The Effectiveness of Low Carbon Waste Management Efforts in West Papua

The Effectiveness of Low Carbon Waste Management Efforts in West Papua

Solid waste is one of the leading causes of greenhouse gas emissions (GHG). With the significant increase in the population of West Papua per year, the production of solid waste and emissions are also increasing. For this reason, efforts to treat waste optimally are the best way to deal with waste. Here is some information about low carbon waste management in detail.

Waste Production

Garbage is a by-product of human activities and natural processes: household waste, emissions, and particular wastes. When accumulated, waste has massive environmental damage. In addition, waste also causes problems related to health. However, the characteristics of the waste vary, depending on the components of the trash.

Some forms of solid waste from human and animal activities are concrete and considered useless. Solid waste generally produces greenhouse gas emissions in the form of CO2 and CH4 gasses. At the same time, the movement of burning waste has CO2 gas, while open disposal at the landfill causes the accumulation of waste that produces CH4 gas.

These gasses are included in the greenhouse gasses for significant global warming losses. In this case, waste management activities contribute about 4% of greenhouse gasses. However, appropriate waste management reduces greenhouse gas emissions, odors, and emissions. Thus, preserving the local environment with waste management is an important activity.

West Papua Province is located in the eastern part of Indonesia, whose population increases from year to year. The population growth rate of 2.65% per year has the consequence of increasing the volume of waste, which can seriously impact the environment. If not properly managed, waste harms greenhouse gasses in the atmosphere.

Garbage Problem

The generation of solid waste at the city level grows faster in line with population growth and increased living standards. It is also influenced by the increasing flow of urbanization, economy, and life growth. Based on data on the composition of waste in Papua, 70% of the waste comes mostly from food scraps, while the remaining 20% ​​and 10% come from wood and paper.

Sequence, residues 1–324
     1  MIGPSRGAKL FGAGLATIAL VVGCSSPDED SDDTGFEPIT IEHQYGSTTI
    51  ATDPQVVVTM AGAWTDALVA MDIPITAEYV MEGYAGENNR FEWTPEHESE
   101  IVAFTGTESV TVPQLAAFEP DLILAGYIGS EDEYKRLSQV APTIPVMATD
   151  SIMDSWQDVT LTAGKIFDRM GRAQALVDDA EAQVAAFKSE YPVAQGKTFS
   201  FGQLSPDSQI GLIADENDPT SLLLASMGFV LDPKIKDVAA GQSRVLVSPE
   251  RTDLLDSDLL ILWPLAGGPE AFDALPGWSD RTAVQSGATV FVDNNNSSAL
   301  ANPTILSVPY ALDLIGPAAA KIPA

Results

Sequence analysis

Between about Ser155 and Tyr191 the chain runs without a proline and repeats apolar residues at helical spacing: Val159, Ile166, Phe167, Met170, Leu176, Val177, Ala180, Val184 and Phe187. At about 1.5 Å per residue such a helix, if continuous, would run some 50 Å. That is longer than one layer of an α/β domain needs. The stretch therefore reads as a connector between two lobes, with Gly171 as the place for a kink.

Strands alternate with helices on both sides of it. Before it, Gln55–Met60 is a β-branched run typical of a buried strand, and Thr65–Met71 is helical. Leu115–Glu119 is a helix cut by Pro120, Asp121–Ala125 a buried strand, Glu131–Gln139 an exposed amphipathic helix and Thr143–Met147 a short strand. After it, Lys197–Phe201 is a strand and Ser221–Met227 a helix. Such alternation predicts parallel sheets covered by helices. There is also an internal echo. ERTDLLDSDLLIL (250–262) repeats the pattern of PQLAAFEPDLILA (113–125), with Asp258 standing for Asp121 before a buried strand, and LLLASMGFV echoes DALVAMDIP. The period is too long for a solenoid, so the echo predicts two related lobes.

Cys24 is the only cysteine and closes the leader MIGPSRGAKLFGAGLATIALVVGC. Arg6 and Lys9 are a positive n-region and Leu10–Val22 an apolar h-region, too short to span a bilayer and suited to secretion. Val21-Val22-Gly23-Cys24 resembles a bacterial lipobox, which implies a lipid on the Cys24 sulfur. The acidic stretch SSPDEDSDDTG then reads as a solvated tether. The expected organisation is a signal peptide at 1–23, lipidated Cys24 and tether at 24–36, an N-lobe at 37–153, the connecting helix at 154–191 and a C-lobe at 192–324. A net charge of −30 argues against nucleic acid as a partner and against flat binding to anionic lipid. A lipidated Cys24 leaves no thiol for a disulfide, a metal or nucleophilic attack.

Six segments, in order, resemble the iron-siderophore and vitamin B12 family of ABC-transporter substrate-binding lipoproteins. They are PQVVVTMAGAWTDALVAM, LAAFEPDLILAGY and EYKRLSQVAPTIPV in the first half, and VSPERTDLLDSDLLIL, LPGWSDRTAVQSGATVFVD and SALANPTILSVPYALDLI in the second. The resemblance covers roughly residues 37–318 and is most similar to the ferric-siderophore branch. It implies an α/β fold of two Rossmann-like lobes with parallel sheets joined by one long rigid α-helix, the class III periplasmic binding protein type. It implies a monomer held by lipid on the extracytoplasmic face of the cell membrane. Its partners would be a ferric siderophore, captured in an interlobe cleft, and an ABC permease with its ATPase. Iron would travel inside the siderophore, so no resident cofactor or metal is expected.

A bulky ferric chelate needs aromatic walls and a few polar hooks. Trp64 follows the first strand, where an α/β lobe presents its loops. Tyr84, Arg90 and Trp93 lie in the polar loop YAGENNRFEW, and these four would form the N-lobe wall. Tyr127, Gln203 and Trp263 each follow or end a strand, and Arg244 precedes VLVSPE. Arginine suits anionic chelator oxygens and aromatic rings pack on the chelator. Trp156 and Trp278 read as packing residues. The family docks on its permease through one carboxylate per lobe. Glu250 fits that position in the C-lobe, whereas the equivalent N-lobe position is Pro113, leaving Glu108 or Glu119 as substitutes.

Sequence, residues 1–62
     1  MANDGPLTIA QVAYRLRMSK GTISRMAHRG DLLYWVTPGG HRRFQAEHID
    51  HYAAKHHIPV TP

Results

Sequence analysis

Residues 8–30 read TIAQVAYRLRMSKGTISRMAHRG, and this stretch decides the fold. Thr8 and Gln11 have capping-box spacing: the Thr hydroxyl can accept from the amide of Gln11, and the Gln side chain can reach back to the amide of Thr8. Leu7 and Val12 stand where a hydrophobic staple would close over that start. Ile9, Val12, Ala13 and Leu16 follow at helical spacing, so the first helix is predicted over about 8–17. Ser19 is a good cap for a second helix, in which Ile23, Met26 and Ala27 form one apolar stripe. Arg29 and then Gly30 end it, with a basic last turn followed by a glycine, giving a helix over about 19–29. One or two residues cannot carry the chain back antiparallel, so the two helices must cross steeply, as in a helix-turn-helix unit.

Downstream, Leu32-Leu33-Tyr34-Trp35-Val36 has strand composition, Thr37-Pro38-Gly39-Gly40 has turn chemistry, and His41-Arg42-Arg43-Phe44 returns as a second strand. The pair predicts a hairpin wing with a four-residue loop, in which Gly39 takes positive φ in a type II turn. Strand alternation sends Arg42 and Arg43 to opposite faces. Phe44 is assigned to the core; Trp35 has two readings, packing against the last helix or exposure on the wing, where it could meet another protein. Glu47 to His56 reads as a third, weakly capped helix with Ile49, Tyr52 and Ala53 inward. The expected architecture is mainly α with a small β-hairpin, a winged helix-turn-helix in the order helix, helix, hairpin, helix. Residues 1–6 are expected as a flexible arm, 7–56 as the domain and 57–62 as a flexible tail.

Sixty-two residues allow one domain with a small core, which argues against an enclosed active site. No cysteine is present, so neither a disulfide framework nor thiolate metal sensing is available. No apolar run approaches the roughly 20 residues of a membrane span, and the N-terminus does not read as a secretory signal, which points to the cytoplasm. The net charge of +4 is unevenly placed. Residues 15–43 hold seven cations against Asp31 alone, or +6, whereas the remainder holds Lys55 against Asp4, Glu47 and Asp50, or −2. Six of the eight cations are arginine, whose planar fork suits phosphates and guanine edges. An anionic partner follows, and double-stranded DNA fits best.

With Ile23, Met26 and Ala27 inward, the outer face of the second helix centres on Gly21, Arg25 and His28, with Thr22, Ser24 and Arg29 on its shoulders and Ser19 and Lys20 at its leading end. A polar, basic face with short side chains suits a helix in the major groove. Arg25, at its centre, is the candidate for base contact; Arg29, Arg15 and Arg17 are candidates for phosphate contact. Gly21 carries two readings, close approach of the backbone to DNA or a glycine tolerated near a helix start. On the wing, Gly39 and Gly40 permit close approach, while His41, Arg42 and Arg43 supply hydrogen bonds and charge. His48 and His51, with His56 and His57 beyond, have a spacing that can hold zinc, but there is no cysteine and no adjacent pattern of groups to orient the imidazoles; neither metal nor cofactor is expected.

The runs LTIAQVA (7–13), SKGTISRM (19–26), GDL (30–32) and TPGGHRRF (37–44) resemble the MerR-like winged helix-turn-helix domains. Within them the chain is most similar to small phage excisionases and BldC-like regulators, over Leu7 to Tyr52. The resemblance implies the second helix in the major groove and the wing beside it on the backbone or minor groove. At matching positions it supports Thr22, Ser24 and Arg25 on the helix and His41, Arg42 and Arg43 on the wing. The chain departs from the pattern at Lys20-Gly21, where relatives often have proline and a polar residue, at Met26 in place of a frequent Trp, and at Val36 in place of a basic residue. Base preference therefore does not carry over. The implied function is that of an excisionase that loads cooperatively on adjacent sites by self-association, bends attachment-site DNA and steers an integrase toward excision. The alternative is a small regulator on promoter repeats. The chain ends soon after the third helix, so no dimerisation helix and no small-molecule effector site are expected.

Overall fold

Most of the solid waste generated in Papua has not been appropriately managed. Households, industrial and commercial sectors dispose of their solid waste into the trash without any separation. As a result, the waste is the responsibility of local government agencies to open landfills for final disposal. Generally, the waste in West Papua has not been processed.

Efforts to Minimize Waste

Seeing the facts above, awareness of waste management in Papua is low. Lack of knowledge and minimal skills in waste management is a significant concern in empowering local communities. On the other hand, the provincial government has provided trash cans in the area. Unfortunately, there is no separate bin for organic and inorganic waste.

Therefore, there is a need for proper solid waste management because every waste impacts greenhouse gasses, emissions, and pollutants. Alternative 3R methods (reduce, reuse, recycle) are the primary efforts to reduce the volume of garbage. In addition, implementing strict laws in waste management helps improve the quality of environmental sustainability.

As a result, these efforts can reduce carbon gas emissions into the surrounding environment. However, data collection is an obstacle in building a good waste management system. Most of the waste is thrown away because of the vast amount of waste produced per day from every household and another sector in West Papua.

Therefore, several approaches to estimating total waste are essential. The government involves the population and gross domestic product to calculate the number of emissions produced more efficiently. This calculation will provide significant results for tackling the problem of waste and pollutant results from large waste production.

Several studies have even estimated waste production using dynamic models. However, the results are still less accurate because the waste increases each year significantly. The business as usual (BAU) method is the primary method to get the best scenario for low carbon emissions from waste. In addition, this model is proposed to reduce GHG emissions from waste.

The Business As Usual (BAU) model provides an interlinked relationship between total population, waste, and landfill capacity. These factors are significant to represent the growth rate of waste every year. This model becomes the basis for designing scenarios to achieve the target of low emissions from waste.

Proposed Scenario Overcoming Garbage

Using BAU from solid waste generates substantial emissions. This numeral waste will persist in rising in the years to come. Therefore, there are many new scenarios to intervene in the trash to meet emission targets from the garbage. Also, the government is proposing certain landfill expansion areas to address emissions and waste.

Mitigation strategies in West Papua improve solid waste management to reduce greenhouse gas emissions from a stable waste sector. Incineration is the right way to minimize the effects of solid waste. Since food waste consists of solid waste in Papua, burning waste reduces energy and increases combustion efficiency.

Furthermore, more reliable recycling technologies such as anaerobic digestion of food waste are essential to produce valuable creations. It has become one of the most effective technologies for dealing with waste. In addition, the application of 3R (Reduce, Reuse, and Recycle) solid waste can be an option in a sustainable waste management strategy. It has a significant socioeconomic impact on climate change.